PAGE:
The problem is, though, that many people don’t develop gluten intolerance until later in life. They may have spent years happily eating bread and gluten products but suddenly develop an intolerance.

This stumped scientists for quite a while but they now believe that the sudden switch has to do with the body’s immune response.

For whatever reason, gluten seems to turn off a specific gene in some adults, causing their immune systems to act aggressively towards the gluten protein.

That immune response often presents as violent diarrhea and gas. For now, though, researchers are continuing to explore this mechanism and hope to someday fix the problem.

Read also: Are Nakd Bars Gluten-Free? (Best Tips!)

Non-Obvious Sources of Gluten in Protein Bars

Although only four grains naturally contain gluten, it has a nefarious way of sneaking into many of the foods we eat every day—even some you wouldn’t expect.

Worst of all, manufacturers aren’t required to label gluten so, if you’re not careful, you can end up ingesting it without meaning to.

As you inspect a potential purchase, keep your eye out for these secret gluten sources:

  • Hydrolyzed vegetable proteins are used to imitate meat flavors but often come from wheat
  • Maltodextrin and dextrin are flavor enhancers made from wheat
  • Modified vegetable starches help with texture but come from barley
  • Many artificial and natural flavorings are made from barley

Additionally, manufacturers may use the scientific names for grains, including:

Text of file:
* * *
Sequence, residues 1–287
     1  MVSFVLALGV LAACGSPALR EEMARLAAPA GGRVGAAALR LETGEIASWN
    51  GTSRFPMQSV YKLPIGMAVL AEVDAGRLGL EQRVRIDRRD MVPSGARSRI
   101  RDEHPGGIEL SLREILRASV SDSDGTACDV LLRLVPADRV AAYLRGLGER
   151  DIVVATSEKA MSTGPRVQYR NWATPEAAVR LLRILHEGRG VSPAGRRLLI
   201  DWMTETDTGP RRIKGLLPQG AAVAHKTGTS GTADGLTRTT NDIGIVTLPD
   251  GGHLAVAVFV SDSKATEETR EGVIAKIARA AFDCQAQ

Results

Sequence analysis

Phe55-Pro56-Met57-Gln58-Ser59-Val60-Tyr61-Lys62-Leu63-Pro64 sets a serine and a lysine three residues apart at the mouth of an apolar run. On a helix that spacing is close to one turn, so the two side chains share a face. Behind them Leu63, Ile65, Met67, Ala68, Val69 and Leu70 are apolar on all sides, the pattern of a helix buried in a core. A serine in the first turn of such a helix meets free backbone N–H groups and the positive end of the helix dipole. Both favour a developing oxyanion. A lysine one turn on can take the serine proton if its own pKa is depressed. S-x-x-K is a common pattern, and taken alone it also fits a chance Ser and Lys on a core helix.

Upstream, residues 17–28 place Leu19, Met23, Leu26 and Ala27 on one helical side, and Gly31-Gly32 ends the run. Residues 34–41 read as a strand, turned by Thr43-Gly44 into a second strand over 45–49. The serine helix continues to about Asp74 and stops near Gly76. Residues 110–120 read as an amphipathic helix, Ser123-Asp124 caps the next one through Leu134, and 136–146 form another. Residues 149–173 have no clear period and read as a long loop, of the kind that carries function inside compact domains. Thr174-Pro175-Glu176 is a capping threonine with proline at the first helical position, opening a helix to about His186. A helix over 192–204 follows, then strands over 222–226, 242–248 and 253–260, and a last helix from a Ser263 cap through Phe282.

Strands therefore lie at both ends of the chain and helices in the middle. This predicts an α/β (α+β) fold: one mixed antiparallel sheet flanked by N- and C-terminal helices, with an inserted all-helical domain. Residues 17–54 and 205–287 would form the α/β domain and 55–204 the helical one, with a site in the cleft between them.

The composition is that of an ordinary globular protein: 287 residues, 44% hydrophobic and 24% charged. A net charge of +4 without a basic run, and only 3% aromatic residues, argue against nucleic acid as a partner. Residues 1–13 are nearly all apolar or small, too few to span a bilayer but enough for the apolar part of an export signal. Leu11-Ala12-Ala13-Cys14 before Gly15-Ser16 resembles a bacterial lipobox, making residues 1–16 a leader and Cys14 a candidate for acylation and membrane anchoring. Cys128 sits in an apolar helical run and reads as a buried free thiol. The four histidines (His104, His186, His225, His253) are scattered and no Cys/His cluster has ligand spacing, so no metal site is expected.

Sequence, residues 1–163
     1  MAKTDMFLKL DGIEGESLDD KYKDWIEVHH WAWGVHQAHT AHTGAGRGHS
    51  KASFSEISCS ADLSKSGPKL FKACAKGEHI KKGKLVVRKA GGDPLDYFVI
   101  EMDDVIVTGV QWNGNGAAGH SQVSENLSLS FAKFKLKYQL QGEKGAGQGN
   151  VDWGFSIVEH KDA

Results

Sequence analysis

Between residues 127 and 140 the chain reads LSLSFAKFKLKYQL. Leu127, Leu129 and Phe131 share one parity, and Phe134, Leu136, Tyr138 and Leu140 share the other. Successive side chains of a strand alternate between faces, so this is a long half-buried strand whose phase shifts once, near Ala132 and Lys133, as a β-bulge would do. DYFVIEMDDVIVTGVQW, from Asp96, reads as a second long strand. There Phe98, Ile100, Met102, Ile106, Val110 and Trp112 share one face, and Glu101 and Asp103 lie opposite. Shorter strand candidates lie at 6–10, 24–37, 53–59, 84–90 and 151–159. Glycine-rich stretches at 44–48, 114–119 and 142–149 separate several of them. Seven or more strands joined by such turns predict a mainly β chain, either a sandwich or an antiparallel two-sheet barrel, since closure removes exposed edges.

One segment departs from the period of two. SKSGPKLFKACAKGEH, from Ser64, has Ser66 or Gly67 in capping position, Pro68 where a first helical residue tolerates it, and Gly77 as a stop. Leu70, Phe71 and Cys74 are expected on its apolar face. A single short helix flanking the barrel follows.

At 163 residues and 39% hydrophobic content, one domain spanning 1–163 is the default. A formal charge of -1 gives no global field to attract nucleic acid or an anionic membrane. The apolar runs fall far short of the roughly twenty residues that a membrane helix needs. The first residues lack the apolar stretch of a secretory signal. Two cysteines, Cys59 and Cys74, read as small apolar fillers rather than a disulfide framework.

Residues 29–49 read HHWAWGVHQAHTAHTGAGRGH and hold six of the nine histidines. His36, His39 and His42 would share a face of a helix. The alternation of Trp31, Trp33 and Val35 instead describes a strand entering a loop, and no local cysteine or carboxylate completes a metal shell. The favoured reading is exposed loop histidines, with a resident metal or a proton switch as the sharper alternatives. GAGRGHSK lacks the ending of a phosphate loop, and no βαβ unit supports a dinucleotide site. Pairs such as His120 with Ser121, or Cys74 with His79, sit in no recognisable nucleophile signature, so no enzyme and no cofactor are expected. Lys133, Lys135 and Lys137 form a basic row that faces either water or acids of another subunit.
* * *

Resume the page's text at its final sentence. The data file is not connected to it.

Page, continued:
• Triticum spelta (spelt flour)
  • Triticum vulgare (wheat)
  • Triticale (a wheat and rye crossbreed)
  • Secale cereale (rye)
  • Hordeum vulgare (barley)

Are Quest Protein Bars Gluten-Free?

You can avoid accidentally consuming gluten by switching the Quest protein bars. They are a gluten- and soy-free source of protein, perfect for your post-workout recovery plan.

Rather than relying on gluten-heavy grains, Quest protein bars are made with whey protein and nuts.

They maintain their structure thanks to soluble corn fibers, which are 100% gluten-free. Best of all, they’re deliciously flavored with chocolate, almond, and other natural ingredients.

With over 10 different flavors, you’re sure to find one that matches your taste. Pick them up today at your nearest grocery store or supplement shop.


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Thank you for reading this article. I hope it helps you find the most recent and accurate consumer information. Here are some services, products, and Stores that I use and hope you´ll also find helpful.

There are affiliate links, so if you do decide to use any of them, I´ll earn a small commission. But in all honesty, these are the exact what I use and recommend to everyone, even my own family.

To see all my of most up-to-date recommendations, check out this resource that I made for you!

References

https://www.hsph.harvard.edu/nutritionsource/gluten

Lindsey

Lindsey graduated with an MBA in 2001. Since then, Lindsey has worked as a leader for Whole Foods Market for over 2 decades. Lindsey has dined at some of the finest restaurants from coast to coast and has had the honor of meeting such a renowned chef as Hubert Keller. Lindsey is a senior staff writer and managing editor at Rvandplaya.com. Lindsey is based in Morgantown, West Virginia.